COB! A lesson in participatory development

Throughout our time in Cochabamba, Mario Morales spoke excitedly about the potential of cob to build community. As artists, we already knew that the process of creating, whether a mural or a wall, can bring people together in a unique way. However, the process of making cob is inherently participatory; as such, Mario believed the project could engage all the members of the Village of the Future.

It was one thing to hear Mario talk; it was quite another to see his vision come into fruition. When we arrived on Saturday morning, some of the older men were already working to lay the wall's foundation using giant rocks found around the site.

Mario invited Celeste and me to shovel dirt, sifting out the rocks in order to reach the desired smooth consistency. Before we knew it, we were joined by a few adults and teenagers from House of Hope. Gina joined a group off to the side, who were breaking pieces of straw in half. Soon, children, youth, and adults were working together to mix together the cob.

It is easy to see why cob-making would appeal to children; it's essentially all about playing in the mud. The process was simple enough that anyone could participate and meaningful enough for them to feel like their contribution mattered. As the day went on, curious children from the neighborhood wandered up and began throwing their own balls of mud onto the wall.

I even took a turn in the mud, mixing cob with my feet!

As the wall grew, there was plenty of time for play along the sidelines. The games and art projects did not take away from the effectiveness of the "real work," but instead enhanced it, building up a sense of community through laughter, friendships, and shared experiences.

Over the past few decades, the concepts of empowerment and participation have become significant in the discourse about development work. A project that involves the local people in every stage of the process may initially seem to be slower or less efficient, from an outsider's perspective. However, gaining buy-in from the community is essential for a project to enjoy long-term success.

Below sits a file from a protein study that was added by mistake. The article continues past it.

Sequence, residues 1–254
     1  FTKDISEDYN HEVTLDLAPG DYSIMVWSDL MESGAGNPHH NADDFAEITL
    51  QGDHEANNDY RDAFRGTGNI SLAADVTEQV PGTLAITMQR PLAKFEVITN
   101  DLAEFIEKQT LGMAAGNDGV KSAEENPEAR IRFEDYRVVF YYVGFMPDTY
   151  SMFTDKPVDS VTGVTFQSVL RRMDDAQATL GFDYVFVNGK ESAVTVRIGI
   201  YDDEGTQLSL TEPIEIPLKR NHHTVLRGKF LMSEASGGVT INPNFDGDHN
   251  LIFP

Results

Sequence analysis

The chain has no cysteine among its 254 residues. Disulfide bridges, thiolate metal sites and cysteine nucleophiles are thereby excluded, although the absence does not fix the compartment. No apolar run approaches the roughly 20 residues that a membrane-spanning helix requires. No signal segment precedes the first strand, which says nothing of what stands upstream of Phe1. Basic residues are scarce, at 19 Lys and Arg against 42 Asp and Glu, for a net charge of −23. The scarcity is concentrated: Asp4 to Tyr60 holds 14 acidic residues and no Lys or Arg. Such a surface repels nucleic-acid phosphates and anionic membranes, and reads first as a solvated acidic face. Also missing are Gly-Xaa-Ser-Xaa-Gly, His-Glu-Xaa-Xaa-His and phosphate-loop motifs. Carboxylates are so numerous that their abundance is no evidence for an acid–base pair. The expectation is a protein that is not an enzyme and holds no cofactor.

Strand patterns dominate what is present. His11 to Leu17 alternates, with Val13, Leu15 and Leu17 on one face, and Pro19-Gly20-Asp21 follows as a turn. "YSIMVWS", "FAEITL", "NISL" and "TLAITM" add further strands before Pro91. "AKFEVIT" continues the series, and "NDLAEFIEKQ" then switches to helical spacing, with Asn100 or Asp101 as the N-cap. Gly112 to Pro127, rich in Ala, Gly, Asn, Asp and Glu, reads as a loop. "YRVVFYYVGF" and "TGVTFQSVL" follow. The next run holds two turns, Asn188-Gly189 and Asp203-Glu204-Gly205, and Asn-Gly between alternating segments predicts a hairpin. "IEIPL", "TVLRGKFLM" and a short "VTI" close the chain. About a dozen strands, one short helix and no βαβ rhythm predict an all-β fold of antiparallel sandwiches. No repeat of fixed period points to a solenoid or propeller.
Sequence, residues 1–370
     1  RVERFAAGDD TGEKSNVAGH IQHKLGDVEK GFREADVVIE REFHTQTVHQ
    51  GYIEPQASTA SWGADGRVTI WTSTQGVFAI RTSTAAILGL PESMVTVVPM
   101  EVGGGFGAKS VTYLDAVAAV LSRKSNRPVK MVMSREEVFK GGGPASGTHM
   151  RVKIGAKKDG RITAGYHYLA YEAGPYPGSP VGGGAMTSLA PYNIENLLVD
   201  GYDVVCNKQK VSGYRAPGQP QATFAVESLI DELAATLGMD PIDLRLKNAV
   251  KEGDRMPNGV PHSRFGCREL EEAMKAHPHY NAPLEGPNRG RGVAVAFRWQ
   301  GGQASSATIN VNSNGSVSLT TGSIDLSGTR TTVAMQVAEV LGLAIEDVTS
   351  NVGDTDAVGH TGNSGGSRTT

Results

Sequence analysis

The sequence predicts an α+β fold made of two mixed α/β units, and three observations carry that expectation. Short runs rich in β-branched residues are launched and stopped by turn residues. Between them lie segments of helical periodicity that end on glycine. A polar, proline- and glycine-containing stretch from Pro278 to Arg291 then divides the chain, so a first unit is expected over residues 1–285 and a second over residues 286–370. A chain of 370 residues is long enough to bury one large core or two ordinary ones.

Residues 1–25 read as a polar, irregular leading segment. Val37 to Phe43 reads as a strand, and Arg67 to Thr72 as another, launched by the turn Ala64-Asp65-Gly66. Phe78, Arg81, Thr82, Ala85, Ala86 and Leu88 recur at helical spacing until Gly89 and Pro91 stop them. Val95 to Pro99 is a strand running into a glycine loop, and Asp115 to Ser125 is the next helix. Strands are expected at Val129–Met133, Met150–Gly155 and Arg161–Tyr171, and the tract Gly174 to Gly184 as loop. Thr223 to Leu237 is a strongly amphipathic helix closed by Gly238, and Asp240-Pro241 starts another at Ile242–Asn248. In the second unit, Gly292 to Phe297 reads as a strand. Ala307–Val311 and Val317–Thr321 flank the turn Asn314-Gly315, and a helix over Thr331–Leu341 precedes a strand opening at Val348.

Mario's model for the pilot cob project is an exemplary illustration of empowerment participation within sustainable development initiatives. He had first spent time researching the project and ensuring that the cob techniques would be effective in Cochabamba. He then collaborated with one of the House of Hope leaders, Pastor Emeterio Lovera, to plan the initial wall-building project in Lovera's community. Lovera, in turn, recognized that the children in the Village of the Future could be an important asset in the project and invited the children from his ministry to contribute their time and talents,

On Tuesday, Mario conducted a training in certain sustainable development techniques, including cob-building and hydroponics. The event not only informed House of Hope leaders about the process but also served as a catalyst to inspire other these leaders to take the techniques back to their communities. In fact, at least one participant is going on to create a business out of constructing hydroponic systems and solar panels, and another is working with Mario into the feasibility of building a house out of cob.

Hopefully the wall at Village of the Future will be the first of many such projects in Cochabamba and surrounding areas. With such a sound empowerment model, this cob initiative is well on its way to long-term success in all the communities reached by House of Hope.

For further reading
Participatory Development (Wikipedia)
When Do Participatory Development Projects Work? (The World Bank)
How to Avoid Pitfalls in Participatory Development (Anna Colom)
Development and Indigenous People: Creating Community-Owned Solutions (The Guardian)
Participatory Approaches to Rural Development and Rural Poverty Elimination (UNESCAP)
Paradigms, Poverty, and Adaptive Pluralism (Robert Chambers, Institute for Development Studies)
Development as Freedom (Amartya Sen)

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